Latest primaries bolster front-runner status for Clinton, Trump, GVSU expert says
The latest round of primary elections across the country have solidified the positions of Hillary Clinton and Donald Trump as the front-runners of their respective parties, according to Erika King, a political science professor at Grand Valley.
Clinton was able to win four states (pending a close race with Bernie Sanders in Missouri), as was Trump, losing only to Gov. John Kasich in Ohio.
(Listen to King's full interview here.)
"Hillary Clinton had a very good night, and she and her supporters should be pleased," King said. "She solidified the base she was reaching out to, which includes minority voters and older voters, who we know vote with more regularity than other demographic groups."
King also said that the March 15 primaries were big for the former secretary of state because it showed she could win states in geographically diverse segments of the country.
Despite losing four states and finishing in nearly a dead heat in Missouri, Bernie Sanders has said he will continue his candidacy despite being significantly behind in the delegate count.
"He has a very dedicated, extremely energized and enthusiastic base of supporters as well, but they are simply outnumbered by the Clinton supporters," King said. "What's even more important is, we are in the stretch of the campaign where it's all about counting the delegates, and she is pulling away from him. She has about two-thirds of the delegates needed to get a majority at the national convention, and is doing it with the help of the superdelegates who are solidly in her corner."
Some pundits have speculated that Sanders is staying in the race only to continue to force Clinton to address Sanders' main campaign issue, which is income inequality. King said that Sanders is a candidate with a passionate message that resonates with his supporters, and that Clinton is taking notice.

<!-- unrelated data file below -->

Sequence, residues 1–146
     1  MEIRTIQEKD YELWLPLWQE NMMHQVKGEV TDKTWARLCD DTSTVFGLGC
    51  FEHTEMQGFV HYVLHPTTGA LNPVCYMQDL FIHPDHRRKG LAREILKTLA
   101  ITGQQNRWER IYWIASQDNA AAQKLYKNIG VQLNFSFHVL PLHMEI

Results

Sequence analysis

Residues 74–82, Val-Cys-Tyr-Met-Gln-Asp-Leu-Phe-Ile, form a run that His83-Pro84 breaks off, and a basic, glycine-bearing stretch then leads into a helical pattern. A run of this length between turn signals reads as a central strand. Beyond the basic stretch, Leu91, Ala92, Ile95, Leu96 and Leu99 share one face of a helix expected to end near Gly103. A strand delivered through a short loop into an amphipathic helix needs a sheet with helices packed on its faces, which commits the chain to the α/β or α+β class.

"If you listen to or read Clinton's rhetoric, you notice that she is adopting more and more of the Sanders' rhetoric about inequality in America," King said.
While Sanders could still theoretically earn the delegates needed for the nomination, King said his path to the nomination is significantly more difficult after Tuesday's votes.
On the Republican side, Trump continued his trend of piling up delegates in states across different regions of the country, including the big prize of Florida, though he didn't take the critical Midwestern state of Ohio, which was one of the two winner-take-all contests. King said the big question after a Kasich win in Ohio, his first, is if Kasich's campaign can translate that win into broader support.
"The so-called establishment would like to see Kasich be able to expand his popularity and win more delegates, be able to take this contest into the convention with nobody having an absolute majority of the votes," King said.
The big question for the GOP, King said, is if Donald Trump can get enough delegates in the remaining primaries to secure the nomination by having a majority of delegates, or if Kasich and Sen. Ted Cruz and earn enough delegates to force a contested convention.
"Even if Trump doesn't get an outright majority of the delegates, he will go into the July convention significantly ahead of either of his two competitors," King said.